RNA was extracted from the sorted cells using with RNeasy Micro Kit (Qiagen). RNA was reverse-transcribed into complementary DNA using the iScript cDNA synthesis kit (BioRad). Quantitative reverse-transcriptase PCR was performed using Lightcycler 480 SYBR Green I (Roche Applied Science). Forward and reverse primer sequences are as follows:

Hbb-bh1; 5′-aggcagctatcacaagcatctg-3′, 5′-aacttgtcaaagaatctctgagtccat-3′

Hbb-Ey; 5′-caagctacatgtggatcctgagaa-3′, 5′-tgccgaagtgactagccaaa-3′

Hbb-b1; 5′-cgtttgcttctgattctgttg-3′, 5′-ctagatgcccaaaggtcttc-3′

Hbb-b2; 5′-aaaggtgaaccccgatgaag-3′, 5′-tgtgcatagacaatagcaga-3′

Gapdh; 5′-gaagggcatcttgggctacac-3′, 5′-gcagcgaactttattgatggtatt-3′

Additional information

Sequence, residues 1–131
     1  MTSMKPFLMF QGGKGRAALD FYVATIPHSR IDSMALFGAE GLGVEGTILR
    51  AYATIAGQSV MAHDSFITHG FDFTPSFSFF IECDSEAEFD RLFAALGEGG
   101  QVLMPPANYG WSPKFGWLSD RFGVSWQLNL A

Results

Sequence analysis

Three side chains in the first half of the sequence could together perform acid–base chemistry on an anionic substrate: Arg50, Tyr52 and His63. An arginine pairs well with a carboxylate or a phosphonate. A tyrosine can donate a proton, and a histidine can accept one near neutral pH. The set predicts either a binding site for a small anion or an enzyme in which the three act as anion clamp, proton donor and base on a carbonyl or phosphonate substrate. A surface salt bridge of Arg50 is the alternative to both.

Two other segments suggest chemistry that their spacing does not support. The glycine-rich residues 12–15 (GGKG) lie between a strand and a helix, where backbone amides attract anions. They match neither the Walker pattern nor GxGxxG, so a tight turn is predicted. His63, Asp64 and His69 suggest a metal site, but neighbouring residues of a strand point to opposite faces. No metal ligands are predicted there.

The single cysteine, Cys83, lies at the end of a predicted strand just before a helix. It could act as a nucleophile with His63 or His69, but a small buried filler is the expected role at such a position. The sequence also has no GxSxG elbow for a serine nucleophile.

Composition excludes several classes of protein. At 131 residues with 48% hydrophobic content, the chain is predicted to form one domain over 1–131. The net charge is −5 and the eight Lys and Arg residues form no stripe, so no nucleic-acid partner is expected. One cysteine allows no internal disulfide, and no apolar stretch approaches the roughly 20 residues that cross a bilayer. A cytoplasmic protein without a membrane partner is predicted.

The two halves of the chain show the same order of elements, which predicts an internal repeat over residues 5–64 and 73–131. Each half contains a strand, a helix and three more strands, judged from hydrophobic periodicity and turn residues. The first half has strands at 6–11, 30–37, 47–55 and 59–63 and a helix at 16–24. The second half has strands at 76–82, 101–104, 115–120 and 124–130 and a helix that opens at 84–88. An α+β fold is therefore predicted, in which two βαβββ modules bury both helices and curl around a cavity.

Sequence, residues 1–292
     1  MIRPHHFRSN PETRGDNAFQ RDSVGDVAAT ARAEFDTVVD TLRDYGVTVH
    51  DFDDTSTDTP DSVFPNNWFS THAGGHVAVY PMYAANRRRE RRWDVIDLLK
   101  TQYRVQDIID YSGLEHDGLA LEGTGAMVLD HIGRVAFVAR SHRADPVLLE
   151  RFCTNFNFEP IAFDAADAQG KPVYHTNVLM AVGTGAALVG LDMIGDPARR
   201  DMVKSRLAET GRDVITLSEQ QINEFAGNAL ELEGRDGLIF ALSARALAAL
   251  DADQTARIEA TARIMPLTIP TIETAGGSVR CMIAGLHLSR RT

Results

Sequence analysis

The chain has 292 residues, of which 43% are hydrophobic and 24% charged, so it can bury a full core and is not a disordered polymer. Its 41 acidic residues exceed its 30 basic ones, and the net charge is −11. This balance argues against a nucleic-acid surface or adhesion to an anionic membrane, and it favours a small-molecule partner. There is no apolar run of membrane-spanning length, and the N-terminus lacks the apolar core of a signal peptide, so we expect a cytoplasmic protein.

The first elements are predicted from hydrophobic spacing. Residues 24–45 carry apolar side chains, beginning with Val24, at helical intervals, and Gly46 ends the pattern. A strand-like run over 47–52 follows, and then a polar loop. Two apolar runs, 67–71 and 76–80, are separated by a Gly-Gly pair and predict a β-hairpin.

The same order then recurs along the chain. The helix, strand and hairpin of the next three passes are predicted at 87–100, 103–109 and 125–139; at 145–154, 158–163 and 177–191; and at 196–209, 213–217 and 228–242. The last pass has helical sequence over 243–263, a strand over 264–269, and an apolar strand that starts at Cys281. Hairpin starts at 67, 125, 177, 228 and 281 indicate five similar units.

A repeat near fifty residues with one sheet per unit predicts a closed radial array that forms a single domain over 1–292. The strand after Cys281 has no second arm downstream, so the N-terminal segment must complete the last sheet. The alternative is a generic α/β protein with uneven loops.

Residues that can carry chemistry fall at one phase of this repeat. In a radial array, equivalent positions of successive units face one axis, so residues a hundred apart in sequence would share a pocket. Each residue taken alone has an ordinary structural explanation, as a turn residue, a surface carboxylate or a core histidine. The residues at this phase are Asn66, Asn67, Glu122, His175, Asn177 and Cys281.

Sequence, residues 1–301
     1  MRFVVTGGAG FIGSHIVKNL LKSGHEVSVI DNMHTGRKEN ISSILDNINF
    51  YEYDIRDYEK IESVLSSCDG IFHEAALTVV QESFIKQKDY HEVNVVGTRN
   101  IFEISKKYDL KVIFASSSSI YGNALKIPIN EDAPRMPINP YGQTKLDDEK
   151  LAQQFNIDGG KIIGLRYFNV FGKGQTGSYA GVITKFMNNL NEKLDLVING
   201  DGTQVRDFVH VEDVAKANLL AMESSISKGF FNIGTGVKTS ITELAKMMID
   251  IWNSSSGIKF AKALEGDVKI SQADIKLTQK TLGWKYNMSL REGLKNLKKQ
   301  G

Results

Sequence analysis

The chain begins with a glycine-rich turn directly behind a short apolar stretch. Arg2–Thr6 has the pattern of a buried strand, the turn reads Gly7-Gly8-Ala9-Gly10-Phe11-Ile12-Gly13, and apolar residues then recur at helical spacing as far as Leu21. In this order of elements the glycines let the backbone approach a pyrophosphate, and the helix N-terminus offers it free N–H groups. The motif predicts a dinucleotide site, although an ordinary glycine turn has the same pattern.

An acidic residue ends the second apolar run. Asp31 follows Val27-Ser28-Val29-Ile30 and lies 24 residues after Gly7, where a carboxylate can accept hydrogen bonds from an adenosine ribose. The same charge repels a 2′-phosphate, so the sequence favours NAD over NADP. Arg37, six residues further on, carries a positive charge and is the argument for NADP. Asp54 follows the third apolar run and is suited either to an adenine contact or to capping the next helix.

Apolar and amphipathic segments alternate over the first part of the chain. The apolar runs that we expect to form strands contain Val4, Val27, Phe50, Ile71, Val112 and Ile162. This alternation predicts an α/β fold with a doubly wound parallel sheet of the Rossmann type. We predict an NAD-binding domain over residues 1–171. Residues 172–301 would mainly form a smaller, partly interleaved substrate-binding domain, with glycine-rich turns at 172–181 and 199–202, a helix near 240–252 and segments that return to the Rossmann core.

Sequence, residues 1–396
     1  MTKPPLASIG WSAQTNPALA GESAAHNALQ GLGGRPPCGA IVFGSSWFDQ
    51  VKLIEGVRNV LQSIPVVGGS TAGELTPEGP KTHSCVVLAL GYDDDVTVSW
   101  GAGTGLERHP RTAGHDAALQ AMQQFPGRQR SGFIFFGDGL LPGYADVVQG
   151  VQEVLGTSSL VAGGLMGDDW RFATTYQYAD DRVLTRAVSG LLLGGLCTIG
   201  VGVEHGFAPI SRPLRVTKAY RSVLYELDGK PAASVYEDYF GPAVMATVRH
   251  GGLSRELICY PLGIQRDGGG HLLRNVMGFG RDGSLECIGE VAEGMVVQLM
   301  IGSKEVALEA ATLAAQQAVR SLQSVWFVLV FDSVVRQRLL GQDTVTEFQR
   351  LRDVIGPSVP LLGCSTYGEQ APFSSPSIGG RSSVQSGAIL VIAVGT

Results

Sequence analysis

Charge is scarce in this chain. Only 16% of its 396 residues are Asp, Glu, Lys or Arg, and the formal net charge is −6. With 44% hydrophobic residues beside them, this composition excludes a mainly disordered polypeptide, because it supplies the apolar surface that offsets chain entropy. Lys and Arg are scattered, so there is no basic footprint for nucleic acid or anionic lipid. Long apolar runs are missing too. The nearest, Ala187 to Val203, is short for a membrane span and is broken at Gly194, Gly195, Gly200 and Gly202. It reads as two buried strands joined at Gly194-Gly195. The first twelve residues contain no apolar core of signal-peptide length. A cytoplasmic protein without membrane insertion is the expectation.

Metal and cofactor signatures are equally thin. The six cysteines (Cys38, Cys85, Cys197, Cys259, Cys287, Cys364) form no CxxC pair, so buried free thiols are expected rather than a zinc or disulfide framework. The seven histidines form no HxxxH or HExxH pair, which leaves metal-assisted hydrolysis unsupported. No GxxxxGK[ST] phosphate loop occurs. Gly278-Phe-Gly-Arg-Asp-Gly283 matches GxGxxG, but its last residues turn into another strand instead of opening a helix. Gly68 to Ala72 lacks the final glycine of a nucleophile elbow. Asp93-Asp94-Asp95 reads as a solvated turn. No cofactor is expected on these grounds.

Accession Codes: All original microarray data have been deposited in NCBI’s Gene Expression Omnibus under accession number GSE40260.

How to cite this article: Nakano, H. et al. Haemogenic endocardium contributes to transient definitive haematopoiesis. Nat. Commun. 4:1564 doi: 10.1038/ncomms2569 (2013).


Gene Expression Omnibus


  1. 1.

    et al. Onset of cardiac function during early mouse embryogenesis coincides with entry of primitive erythroblasts into the embryo proper. Circ. Res. 92, 133–135 (2003).

  2. 2.

    Emergence of haematopoietic stem cells during development. C. R. Biol. 330, 504–509 (2007).

  3. 3.

    & Of lineage and legacy: the development of mammalian hematopoietic stem cells. Nat. Immunol. 9, 129–136 (2008).

  4. 4.

    & Hematopoiesis: an evolving paradigm for stem cell biology. Cell 132, 631–644 (2008).

  5. 5.

    , & Overcoming obstacles in the search for the site of hematopoietic stem cell emergence. Cell Stem Cell 3, 583–586 (2008).